On 10 July 2023, the European Commission published the long-awaited
adequacy decision for the Trans-Atlantic Data Privacy Framework between the EU and the USA (“TADPF”). For businesses, this means that the issue of “US data transfers” should now ease somewhat – but what exactly are they required to do now?
In this newsletter, we would like to provide you with some information and further tips on how to approach the TADPF. In particular, we will look at the requirement to specify a so-called “independent recourse mechanism”.
What advantages do companies have with the new adequacy decision?
Following the fall of the “Privacy Shield” due to the “Schrems II” ruling of the European Court of Justice in 2020, European businesses had to apply other measures from the GDPR catalogue to be able to transfer personal data to service providers in the United States in a legally compliant manner. In particular, the EU Standard Contractual Clauses (“SCCs”) together with additional security measures were the means of choice in this situation. However, their conclusion with US service providers resulted in considerable additional work, particularly in the form of the mandatory implementation of a Transfer Impact Assessment (“TIA”). In addition, data protection authorities and courts continued to find cases in which the data transfers still violated the GDPR, i.e. despite the SCCs and security measures implemented. One example is the case brought by the Swedish data protection supervisory authority IMY against several companies over the use of Google Analytics, which we also discussed in our newsletter.
European businesses now have the option of refering to the new adequacy decision when transferring personal data to US service providers and partners if they are certified under the TADPF. SCCs (and therefore also TIAs) are then no longer mandatory for these data transfers. This considerably simplifies the data protection compliance measures required for EU-US data transfers.
We are a European company. What do we need to do?
As a European company, i.e. with an exclusive registered office in Europe, you simply cannot certify yourself under the TADPF – nor do you have to; certification is only intended for US-based companies.
However, it is advisable that you contact your US service providers and ask them to certify themselves under the TADPF if they have not already done so. Only when all your US service providers and partners are registered, it is ensured that the respective data transfers to the United States are covered by the GDPR adequacy decision. Otherwise, further measures such as SCCs with additional security measures are required to be able to carry out the data transfers.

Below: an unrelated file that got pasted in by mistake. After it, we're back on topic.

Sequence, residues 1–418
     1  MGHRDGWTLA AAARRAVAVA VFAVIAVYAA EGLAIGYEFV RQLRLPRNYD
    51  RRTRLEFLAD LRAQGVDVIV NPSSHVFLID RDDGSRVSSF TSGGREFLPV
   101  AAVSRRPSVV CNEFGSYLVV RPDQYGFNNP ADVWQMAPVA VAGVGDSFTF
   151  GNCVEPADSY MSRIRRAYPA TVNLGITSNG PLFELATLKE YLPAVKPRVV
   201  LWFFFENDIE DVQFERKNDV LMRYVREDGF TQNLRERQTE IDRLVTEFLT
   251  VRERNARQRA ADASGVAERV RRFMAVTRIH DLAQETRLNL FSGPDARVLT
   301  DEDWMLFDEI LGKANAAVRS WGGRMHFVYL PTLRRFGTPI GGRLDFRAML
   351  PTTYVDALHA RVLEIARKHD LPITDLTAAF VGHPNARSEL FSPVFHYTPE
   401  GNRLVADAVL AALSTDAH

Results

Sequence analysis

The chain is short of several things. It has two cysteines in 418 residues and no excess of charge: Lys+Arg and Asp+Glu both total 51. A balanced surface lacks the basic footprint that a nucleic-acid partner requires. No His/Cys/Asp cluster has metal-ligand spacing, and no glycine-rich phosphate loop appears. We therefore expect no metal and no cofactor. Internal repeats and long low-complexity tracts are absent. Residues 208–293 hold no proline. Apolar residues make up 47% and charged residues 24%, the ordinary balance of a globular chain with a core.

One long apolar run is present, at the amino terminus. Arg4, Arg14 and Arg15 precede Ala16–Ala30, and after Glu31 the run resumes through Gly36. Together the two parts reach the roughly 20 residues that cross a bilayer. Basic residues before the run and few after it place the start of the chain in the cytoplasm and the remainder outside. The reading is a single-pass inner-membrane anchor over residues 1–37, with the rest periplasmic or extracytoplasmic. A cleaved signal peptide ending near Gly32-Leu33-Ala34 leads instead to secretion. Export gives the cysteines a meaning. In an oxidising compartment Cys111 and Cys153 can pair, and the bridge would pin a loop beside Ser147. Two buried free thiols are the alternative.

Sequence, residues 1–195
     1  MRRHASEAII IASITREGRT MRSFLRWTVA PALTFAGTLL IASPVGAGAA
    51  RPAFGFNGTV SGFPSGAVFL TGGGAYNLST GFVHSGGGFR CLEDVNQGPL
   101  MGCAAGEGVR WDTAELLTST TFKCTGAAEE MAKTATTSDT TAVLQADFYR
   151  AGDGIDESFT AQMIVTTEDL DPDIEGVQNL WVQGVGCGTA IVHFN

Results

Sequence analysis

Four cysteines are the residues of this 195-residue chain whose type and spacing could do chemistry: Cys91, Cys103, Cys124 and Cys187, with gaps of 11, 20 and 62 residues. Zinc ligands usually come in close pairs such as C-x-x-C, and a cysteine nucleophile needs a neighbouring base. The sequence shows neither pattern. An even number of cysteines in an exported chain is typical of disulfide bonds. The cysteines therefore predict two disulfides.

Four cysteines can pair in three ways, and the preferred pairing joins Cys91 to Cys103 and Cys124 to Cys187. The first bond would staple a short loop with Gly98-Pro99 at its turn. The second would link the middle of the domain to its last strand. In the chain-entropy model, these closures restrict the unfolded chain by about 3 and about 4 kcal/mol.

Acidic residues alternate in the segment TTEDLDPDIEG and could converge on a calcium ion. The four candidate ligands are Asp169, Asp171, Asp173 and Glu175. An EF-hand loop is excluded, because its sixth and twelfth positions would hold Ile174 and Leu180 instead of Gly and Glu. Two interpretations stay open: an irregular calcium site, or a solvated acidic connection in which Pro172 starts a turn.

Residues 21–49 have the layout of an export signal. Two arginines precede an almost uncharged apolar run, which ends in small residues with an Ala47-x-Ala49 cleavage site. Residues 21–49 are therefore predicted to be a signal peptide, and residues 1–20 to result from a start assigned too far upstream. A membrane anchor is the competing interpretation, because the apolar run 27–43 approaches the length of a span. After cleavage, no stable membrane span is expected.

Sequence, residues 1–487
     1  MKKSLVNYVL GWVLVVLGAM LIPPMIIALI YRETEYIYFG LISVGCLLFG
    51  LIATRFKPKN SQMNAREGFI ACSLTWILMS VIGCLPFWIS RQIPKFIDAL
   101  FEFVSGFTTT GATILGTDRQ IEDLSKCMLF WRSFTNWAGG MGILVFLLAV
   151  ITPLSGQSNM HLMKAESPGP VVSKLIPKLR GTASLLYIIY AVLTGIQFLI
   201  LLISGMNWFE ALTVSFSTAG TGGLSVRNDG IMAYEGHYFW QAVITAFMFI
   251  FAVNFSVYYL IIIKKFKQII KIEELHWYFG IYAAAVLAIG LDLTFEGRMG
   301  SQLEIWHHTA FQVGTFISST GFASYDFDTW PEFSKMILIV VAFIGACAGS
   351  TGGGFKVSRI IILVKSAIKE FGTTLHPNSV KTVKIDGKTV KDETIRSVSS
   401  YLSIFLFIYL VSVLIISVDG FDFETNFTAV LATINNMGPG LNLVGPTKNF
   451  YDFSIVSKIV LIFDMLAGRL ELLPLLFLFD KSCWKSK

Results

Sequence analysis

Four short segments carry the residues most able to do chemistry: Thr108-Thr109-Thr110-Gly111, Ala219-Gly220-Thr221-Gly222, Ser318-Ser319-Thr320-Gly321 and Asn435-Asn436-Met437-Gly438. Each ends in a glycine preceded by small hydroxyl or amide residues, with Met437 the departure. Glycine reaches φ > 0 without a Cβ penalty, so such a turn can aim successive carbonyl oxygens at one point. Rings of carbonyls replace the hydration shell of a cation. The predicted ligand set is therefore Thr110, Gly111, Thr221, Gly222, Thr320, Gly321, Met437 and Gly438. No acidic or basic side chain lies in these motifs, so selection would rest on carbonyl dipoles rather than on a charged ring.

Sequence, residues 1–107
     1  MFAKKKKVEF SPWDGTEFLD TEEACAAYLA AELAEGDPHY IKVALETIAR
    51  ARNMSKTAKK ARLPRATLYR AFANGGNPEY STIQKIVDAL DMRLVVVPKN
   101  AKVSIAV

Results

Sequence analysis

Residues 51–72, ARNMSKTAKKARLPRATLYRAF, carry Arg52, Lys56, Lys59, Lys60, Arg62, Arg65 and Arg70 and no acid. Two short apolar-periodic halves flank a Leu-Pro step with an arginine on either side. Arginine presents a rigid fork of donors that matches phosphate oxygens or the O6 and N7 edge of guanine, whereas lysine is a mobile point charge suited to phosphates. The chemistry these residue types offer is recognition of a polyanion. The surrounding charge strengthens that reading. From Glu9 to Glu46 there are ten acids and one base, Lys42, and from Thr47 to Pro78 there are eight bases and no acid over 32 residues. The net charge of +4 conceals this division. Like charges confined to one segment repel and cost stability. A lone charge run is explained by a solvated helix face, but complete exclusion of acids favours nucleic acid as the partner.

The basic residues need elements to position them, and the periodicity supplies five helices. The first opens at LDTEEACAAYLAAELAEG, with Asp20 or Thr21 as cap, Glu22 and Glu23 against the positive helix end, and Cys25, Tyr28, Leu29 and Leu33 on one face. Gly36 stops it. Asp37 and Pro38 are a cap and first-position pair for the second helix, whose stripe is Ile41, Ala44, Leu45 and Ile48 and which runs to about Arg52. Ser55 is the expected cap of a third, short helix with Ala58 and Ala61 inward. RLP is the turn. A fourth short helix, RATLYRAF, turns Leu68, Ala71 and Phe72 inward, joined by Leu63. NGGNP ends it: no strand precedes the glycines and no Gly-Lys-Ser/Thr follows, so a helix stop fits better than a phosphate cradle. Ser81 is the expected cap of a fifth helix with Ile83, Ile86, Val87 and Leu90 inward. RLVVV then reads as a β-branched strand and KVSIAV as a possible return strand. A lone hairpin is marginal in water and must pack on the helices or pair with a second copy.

We are an American company. What are we required to do?
As a US company, certification under the TADPF is not mandatory, but it is an advantage, as many European businesses will insist on the certification of their US-based service providers and partners to benefit from the simplified compliance structure for data transfers to the US. Being certified, US businesses can meet this requirement and subsequently hope for stronger European demand for their services.
Obtaining certification is actually not difficult: First, you need to register on the official TADPF website. Once a company account has been created, the application for certification can simply be submitted online. To do this, companies must complete the application form with the required information and then submit the application.
Further information about the TADPF and the certification process can be found in the TADPF information section. A two-part guide is also published there, which explains the measures required to join the TADPF step-by-step. To speed up the certification application, the necessary information can be compiled in advance.
What is the “Independent Recourse Mechanism”?
As part of the application, an “Independent Recourse Mechanism” is required, to which the applicant company must submit to a certain extent. This is necessary so that data subjects from Europe have a point of contact in the USA that they can turn to if, for example, they have not received any information from the company about the processing of their data. The background to this is that data subjects would otherwise have no opportunity to assert their data subject rights in an American court – one of the reasons why the Privacy Shield was declared invalid in 2020.
Data controllers can – if the data to be transferred is not strictly HR data – choose between specifying a so-called “Dispute Resolution Body” (“DRB”) as a third-party service provider or the (applicable) European data protection authorities.
What options are there?
A list of the available DRBs is displayed during the application process – but without further information on the individual providers. To make your search easier, we have listed the available DRBs below.
You can choose between 9 different private providers, which can be specified as “Independent Recourse Mechanism” in the certification application – if you decide against the alternative of having the corresponding procedures handled by the European data protection authorities, as mentioned above:
1. Insights Association DPF Services Program
2. PrivacyTrust DPF Services
3. BBB National Programs DPF Services
4. ANA DPF Dispute Resolution
5. ICDR-AAA DPF IRM Service
7. TRUSTe Dispute Resolution (jetzt: TrustArc)
8. VeraSafe DPF Dispute Resolution Program
9. Privacy Dispute Resolution Services (PDRS)
With our experience in advising US businesses on all GDPR-related issues, we will be happy to support you in getting your company certified under the TADPF.
(Dr. Lukas Mezger, UNVERZAGT Rechtsanwälte)